Bacia do Alto Paraguai


  • Pedro de Moura


Engineer PEDRO DE Moura, a geologist of the Conselho Nacional do Petroleo, has been working chiefly in the Amazon Valley. Recently, he surveyed Baia and the Noriheast coast as well as the valley of the Alto Paraguay.

            In approaching the study of the Alto Paraguay he establishes in this article the geomorphological characteristics of the boundaries of that basin an analysis features of the flat-topped heights of Cuiabá and Parecis and the Maracajú plateaus dividing the Paraguay and Paraná. waters.

            He points out the geological and physiographical identity between the Bodoquena· ranges that lie to the sout of the Pantanal (a flooded plain) and those of Araras and Tombador to the north where they look like parallel chains of mountain ranges separated by narrow and

deep valleys with crests defleted to one side or the other in the guise of folds. They are

geologically much older than the flat-topped ridges to the north of Cuiabá and the Maracajú

plateaus: they do most likely belong to the Cambrian period.

            The divides of Paraguay and Amazonas and Paraguay-Paranã. are horizontal sandstone

plateaus ending in a scarp towards the basin of Paraguay, and are improperly named "serras"


            In this plateau the glyptogenetic process in the plain isolates true evidences which are

locally named "trombas", though many of these are also known as "serras".

            Within such boundaries is the great floodplain Pantanal, a marked geographical characteristic of Mato Grosso.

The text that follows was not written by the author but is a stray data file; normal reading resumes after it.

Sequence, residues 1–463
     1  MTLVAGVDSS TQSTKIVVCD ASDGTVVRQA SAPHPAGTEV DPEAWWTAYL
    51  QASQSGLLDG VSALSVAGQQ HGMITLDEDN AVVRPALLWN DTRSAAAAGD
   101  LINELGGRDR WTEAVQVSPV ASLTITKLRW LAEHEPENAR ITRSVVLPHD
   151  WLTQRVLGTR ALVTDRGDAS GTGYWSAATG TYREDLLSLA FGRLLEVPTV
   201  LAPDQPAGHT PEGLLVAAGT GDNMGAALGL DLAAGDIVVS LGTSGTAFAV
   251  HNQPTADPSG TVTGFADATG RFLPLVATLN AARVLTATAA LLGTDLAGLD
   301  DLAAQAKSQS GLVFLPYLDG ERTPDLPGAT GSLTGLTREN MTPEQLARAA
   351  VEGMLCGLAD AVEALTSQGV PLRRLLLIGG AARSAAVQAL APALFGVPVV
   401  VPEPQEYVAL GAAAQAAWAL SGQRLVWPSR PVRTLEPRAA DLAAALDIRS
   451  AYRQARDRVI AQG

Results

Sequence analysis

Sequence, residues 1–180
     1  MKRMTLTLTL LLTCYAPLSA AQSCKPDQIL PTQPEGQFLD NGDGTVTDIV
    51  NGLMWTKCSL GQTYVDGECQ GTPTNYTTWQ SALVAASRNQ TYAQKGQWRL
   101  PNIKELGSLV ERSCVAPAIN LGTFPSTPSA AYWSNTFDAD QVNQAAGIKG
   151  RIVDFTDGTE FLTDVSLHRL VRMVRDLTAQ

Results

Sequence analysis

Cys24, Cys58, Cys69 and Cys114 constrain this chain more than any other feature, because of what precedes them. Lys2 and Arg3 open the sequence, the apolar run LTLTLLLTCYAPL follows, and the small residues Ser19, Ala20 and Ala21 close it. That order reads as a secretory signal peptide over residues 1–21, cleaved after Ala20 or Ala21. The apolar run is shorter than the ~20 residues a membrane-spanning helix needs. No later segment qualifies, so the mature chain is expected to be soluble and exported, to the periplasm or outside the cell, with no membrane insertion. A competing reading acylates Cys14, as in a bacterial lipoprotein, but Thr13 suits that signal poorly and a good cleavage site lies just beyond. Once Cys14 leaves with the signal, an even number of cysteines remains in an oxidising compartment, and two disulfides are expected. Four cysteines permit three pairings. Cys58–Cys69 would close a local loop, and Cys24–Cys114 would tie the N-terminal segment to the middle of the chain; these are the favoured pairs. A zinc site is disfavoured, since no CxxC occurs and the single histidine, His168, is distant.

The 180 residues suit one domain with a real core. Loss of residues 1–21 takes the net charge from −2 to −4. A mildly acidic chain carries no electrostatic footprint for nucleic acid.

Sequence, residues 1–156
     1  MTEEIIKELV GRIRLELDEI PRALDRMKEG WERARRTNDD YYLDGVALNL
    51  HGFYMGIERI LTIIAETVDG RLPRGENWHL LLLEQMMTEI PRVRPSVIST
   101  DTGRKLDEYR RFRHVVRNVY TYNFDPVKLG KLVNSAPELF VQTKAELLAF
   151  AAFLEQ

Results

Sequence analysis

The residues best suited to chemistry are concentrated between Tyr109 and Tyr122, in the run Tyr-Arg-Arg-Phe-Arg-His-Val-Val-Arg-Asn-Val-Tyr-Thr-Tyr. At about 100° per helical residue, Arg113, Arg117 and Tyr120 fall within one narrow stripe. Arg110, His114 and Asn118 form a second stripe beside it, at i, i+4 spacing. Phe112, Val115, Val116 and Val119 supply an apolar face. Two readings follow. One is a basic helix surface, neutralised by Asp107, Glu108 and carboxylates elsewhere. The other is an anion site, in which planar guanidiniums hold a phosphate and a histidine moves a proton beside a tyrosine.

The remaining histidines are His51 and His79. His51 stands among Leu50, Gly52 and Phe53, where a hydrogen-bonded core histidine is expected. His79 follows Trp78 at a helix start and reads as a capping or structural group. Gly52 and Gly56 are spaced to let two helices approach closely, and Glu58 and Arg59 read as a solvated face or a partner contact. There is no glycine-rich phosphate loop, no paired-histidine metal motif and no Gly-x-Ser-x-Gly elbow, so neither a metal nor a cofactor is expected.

During the season of high waters the Paraguay overflows that vast plain and makes it

look as if an imense lake; i"t is the largest flood area of the South-American continent.

            The "pé da serra" (foothill) region safely away from the Pantanal is a true terrace with

several population clusters.

           The author next proceeds to consider the Bolivian East. He surveys the physiographic features of the Chiquitano plateau, a notable relief with WNW-ESE general direction and formed by successive elevated flatish areas due to erosive effects sculpturing profiles wich stand out resembling mountains.

            Geologically the Chiquitano plateau consists of rudimentary formations wich the author compares with the Parecis sandstone (cretaceous?).

            To the South of the plateau lies the extensive chaco territory. This region is unique in

South America. The author dwells long on the analyses of the Chaco as compared with the

Pantanal and quotes descriptions of old naturalists and travellers who concur in stressing

profound differences between the two regions. AZARA was quite fortunate in bis conception

about the two regions and HERBERT SMITH was the first geologist to point out the striking differences which separates them.

            In so far as vegetation is concerned the palm tree "carandá" characterizes the boundary line of the Pantanal with the Chaco.

            The author finally analyses the historical pathways and courses leading to the Alto

Paraguay region and focuses the important rôle of the means of transportation for the South of

Mato Grosso, integrating that immense area with the national community